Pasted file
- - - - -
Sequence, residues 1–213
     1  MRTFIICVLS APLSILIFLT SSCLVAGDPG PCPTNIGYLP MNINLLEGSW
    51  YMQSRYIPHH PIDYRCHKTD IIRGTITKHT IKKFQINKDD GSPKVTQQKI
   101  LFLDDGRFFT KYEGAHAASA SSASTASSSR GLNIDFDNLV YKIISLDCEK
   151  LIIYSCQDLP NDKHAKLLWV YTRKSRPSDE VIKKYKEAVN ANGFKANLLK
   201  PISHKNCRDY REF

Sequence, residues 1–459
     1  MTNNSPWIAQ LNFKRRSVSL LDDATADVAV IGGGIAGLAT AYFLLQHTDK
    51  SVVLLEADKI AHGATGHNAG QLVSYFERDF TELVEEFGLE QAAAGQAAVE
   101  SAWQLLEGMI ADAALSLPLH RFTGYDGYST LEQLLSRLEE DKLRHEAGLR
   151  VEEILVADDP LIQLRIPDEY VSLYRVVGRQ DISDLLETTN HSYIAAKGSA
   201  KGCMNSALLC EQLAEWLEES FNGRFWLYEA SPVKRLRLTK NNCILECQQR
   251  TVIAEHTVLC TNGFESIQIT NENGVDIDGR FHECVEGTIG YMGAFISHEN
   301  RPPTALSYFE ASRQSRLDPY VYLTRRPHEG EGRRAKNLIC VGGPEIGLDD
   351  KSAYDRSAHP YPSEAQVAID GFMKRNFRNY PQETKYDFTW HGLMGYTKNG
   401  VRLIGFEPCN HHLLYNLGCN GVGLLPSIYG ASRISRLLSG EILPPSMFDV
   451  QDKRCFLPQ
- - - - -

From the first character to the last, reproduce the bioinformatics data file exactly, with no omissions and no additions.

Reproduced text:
Sequence, residues 1–213
     1  MRTFIICVLS APLSILIFLT SSCLVAGDPG PCPTNIGYLP MNINLLEGSW
    51  YMQSRYIPHH PIDYRCHKTD IIRGTITKHT IKKFQINKDD GSPKVTQQKI
   101  LFLDDGRFFT KYEGAHAASA SSASTASSSR GLNIDFDNLV YKIISLDCEK
   151  LIIYSCQDLP NDKHAKLLWV YTRKSRPSDE VIKKYKEAVN ANGFKANLLK
   201  PISHKNCRDY REF

Sequence, residues 1–459
     1  MTNNSPWIAQ LNFKRRSVSL LDDATADVAV IGGGIAGLAT AYFLLQHTDK
    51  SVVLLEADKI AHGATGHNAG QLVSYFERDF TELVEEFGLE QAAAGQAAVE
   101  SAWQLLEGMI ADAALSLPLH RFTGYDGYST LEQLLSRLEE DKLRHEAGLR
   151  VEEILVADDP LIQLRIPDEY VSLYRVVGRQ DISDLLETTN HSYIAAKGSA
   201  KGCMNSALLC EQLAEWLEES FNGRFWLYEA SPVKRLRLTK NNCILECQQR
   251  TVIAEHTVLC TNGFESIQIT NENGVDIDGR FHECVEGTIG YMGAFISHEN
   301  RPPTALSYFE ASRQSRLDPY VYLTRRPHEG EGRRAKNLIC VGGPEIGLDD
   351  KSAYDRSAHP YPSEAQVAID GFMKRNFRNY PQETKYDFTW HGLMGYTKNG
   401  VRLIGFEPCN HHLLYNLGCN GVGLLPSIYG ASRISRLLSG EILPPSMFDV
   451  QDKRCFLPQ